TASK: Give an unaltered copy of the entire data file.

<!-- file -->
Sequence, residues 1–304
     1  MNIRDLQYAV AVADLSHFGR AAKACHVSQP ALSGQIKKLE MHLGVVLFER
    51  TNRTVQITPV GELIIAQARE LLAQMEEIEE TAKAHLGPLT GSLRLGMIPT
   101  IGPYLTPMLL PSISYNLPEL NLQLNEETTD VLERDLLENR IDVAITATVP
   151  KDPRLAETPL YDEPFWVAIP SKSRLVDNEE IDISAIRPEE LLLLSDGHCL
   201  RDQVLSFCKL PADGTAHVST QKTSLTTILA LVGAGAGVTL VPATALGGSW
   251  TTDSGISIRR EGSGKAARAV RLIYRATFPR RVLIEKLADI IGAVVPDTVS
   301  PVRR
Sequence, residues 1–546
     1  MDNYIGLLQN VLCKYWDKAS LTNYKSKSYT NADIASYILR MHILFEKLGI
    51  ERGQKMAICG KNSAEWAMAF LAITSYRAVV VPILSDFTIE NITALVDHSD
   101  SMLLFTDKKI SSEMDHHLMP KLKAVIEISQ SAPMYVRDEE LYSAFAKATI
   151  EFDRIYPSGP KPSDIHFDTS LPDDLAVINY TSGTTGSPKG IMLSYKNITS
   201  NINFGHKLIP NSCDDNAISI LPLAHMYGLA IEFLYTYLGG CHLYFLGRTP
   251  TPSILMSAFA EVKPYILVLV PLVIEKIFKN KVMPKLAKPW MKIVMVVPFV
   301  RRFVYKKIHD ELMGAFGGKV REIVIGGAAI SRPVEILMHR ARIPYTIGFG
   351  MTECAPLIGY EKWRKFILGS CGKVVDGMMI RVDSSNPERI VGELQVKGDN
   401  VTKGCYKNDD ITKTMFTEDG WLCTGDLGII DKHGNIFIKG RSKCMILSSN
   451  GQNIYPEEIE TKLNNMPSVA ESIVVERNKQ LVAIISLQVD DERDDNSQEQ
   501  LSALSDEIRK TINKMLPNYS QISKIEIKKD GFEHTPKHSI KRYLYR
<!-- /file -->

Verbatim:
Sequence, residues 1–304
     1  MNIRDLQYAV AVADLSHFGR AAKACHVSQP ALSGQIKKLE MHLGVVLFER
    51  TNRTVQITPV GELIIAQARE LLAQMEEIEE TAKAHLGPLT GSLRLGMIPT
   101  IGPYLTPMLL PSISYNLPEL NLQLNEETTD VLERDLLENR IDVAITATVP
   151  KDPRLAETPL YDEPFWVAIP SKSRLVDNEE IDISAIRPEE LLLLSDGHCL
   201  RDQVLSFCKL PADGTAHVST QKTSLTTILA LVGAGAGVTL VPATALGGSW
   251  TTDSGISIRR EGSGKAARAV RLIYRATFPR RVLIEKLADI IGAVVPDTVS
   301  PVRR
Sequence, residues 1–546
     1  MDNYIGLLQN VLCKYWDKAS LTNYKSKSYT NADIASYILR MHILFEKLGI
    51  ERGQKMAICG KNSAEWAMAF LAITSYRAVV VPILSDFTIE NITALVDHSD
   101  SMLLFTDKKI SSEMDHHLMP KLKAVIEISQ SAPMYVRDEE LYSAFAKATI
   151  EFDRIYPSGP KPSDIHFDTS LPDDLAVINY TSGTTGSPKG IMLSYKNITS
   201  NINFGHKLIP NSCDDNAISI LPLAHMYGLA IEFLYTYLGG CHLYFLGRTP
   251  TPSILMSAFA EVKPYILVLV PLVIEKIFKN KVMPKLAKPW MKIVMVVPFV
   301  RRFVYKKIHD ELMGAFGGKV REIVIGGAAI SRPVEILMHR ARIPYTIGFG
   351  MTECAPLIGY EKWRKFILGS CGKVVDGMMI RVDSSNPERI VGELQVKGDN
   401  VTKGCYKNDD ITKTMFTEDG WLCTGDLGII DKHGNIFIKG RSKCMILSSN
   451  GQNIYPEEIE TKLNNMPSVA ESIVVERNKQ LVAIISLQVD DERDDNSQEQ
   501  LSALSDEIRK TINKMLPNYS QISKIEIKKD GFEHTPKHSI KRYLYR